Shaz and Walt are barely comparable in that only Walt really feels that they were ever a couple to begin with but it’s still a lesson in cruelty as Shaz caught up in her own romantic storms is content to lead Walt around like a ring-nosed prize bull, ignorant and frankly uncaring that he only really speaks to her because he is still recovering from his feelings for her.
The focus on the book in on the themes and characters, rather than the plot. The plot itself is a rather stripped down narrative: the birth of the idea of the band, the recruitment of Shaz and Walt, the practise sessions, the first gig and first tour. The focus within is far more on the background and identity of each character each of whom is allotted one quarter of the book. The characters are the strength of the novel and do feel real, exciting and yet fallible all at the same time.
Hank – In many ways Hank is the lynch pin of the novella. His motivations seem simple in a sense. He’s the one who most of all wants to be in a band, wants the fame and the glory. More than this while he wants adulation from fans, he wants to appear completely aloof and uncaring and doesn’t want anyone to comment on the contradiction. In many ways Hank is something of a poser. He’s a record store clerk who latched onto an exciting girlfriend because he recognises that he can piggyback on her talent. Nevertheless, it’s hard to feel that the band would exist without Hank’s ambition and so in a sense he is the driver of the whole thing and does deserve some credit (not least teaching Lilly to actually play.
So, while Hank’s motives seem simple, he is something of a contradiction. He wears the clothes and attitude of somebody in a subculture but at heart he’s a jock in disguise. His attitude to sex is school-boy locker room childish and he views almost everyone around him with a sort of arrested-development competitiveness of always wondering who is best and who is getting what they want. For him, being an artist is just another fashion to attract attention and compliments. It’s not clear if any of the other band members actually like Hank or feel that they really need him (Hank knows that he needs them signed on to his plan) but by virtue of being the one most committed to the band, Hank has a buy-in to everything that happens (and in fact, thinks of the band as ‘his’ band).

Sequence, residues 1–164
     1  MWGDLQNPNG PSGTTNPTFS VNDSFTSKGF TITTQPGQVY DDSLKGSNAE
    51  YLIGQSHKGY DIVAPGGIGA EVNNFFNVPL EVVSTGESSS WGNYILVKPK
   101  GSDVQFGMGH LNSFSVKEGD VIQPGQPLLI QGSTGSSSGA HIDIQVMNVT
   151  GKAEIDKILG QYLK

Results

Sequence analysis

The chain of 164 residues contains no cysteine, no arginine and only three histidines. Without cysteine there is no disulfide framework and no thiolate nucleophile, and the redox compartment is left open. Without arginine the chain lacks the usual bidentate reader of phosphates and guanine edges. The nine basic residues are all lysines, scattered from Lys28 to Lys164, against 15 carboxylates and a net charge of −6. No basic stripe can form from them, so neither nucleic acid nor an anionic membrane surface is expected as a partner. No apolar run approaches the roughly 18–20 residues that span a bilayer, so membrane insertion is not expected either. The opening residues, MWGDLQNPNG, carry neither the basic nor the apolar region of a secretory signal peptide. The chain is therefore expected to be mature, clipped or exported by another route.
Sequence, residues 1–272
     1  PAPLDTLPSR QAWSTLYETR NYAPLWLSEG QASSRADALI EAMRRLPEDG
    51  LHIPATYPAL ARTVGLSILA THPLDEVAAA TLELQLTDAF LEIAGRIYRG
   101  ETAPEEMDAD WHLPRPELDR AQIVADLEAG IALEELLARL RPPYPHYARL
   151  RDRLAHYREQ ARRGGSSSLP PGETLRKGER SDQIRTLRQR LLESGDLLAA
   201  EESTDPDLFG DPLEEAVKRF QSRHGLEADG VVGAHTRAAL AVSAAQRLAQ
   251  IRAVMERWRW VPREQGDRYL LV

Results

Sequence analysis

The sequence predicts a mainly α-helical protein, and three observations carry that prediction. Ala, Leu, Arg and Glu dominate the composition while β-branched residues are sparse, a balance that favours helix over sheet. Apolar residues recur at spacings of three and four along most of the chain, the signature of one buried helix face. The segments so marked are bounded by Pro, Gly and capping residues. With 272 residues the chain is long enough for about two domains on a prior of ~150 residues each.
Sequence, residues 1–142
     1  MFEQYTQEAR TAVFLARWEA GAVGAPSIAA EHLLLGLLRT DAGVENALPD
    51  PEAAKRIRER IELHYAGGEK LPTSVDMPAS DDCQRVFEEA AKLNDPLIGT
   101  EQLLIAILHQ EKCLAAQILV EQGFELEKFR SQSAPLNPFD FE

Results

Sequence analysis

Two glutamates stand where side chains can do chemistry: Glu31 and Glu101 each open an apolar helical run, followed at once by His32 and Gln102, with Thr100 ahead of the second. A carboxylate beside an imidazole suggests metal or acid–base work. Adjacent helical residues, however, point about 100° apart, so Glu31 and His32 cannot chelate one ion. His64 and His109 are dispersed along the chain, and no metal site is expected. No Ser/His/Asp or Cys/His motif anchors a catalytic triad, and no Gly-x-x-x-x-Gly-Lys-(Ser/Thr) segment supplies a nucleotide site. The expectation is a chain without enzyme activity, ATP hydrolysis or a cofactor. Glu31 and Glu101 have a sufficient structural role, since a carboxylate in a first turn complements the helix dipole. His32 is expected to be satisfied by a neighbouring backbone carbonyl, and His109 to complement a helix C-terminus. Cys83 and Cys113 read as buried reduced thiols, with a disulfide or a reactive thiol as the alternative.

The portrayal of Hank isn’t perfect. At times his crass sexuality is spot on (second paragraph on page 14, which I won’t repeat on this page here because of the high tone I consistently uphold) but at others the source material seems to be a twelve year old, not even a teenager (his conversations with Dieter aren’t in the slightest bit convincing). I have often read the accusation that certain male writers cannot write for female characters, though this would be the first time that a female writing for a male felt off the mark. However, overall the character feels very real and very knowable and insightful. Hank is the spirit of playing paid gigs and making records – the spirit of wanting to look really cool but being really quite uncool about coordinating everything to be and look exactly the way they want for maximum fame and money. Hank is rock and roll and every band probably has at least one Hank.
Lilly – Unlike a real set list, the novella starts with it’s strongest performances first, leaving little for encore. Much of Hank’s chapter is about Lilly and her own chapter is really most of the heart of the book. In fact, while the ending is satisfying, the end of Lilly’s chapter really would have been an equally satisfying ending and in my opinion is closer to dealing with the real themes of the novel.
Lilly is the actual artist at the heart of the band, the born performer. While on one hand Lilly is one of those amazing inscrutable people who are able to be spontaneously original and produce great and lasting ideas, she is pretty full of herself. The fire of her oevre is fuelled precisely by being front and centre and being the centre of attention. Lilly doesn’t scheme or dwell on her ambitions in the same way that Hank does but she does pretty much solely market the band. Her ambitions are not to cut so many records or to be so famous but merely to keep things moving, to keep the bad playing new venues, to open up new horizons: to keep moving forward like a shark, not to stay still and die.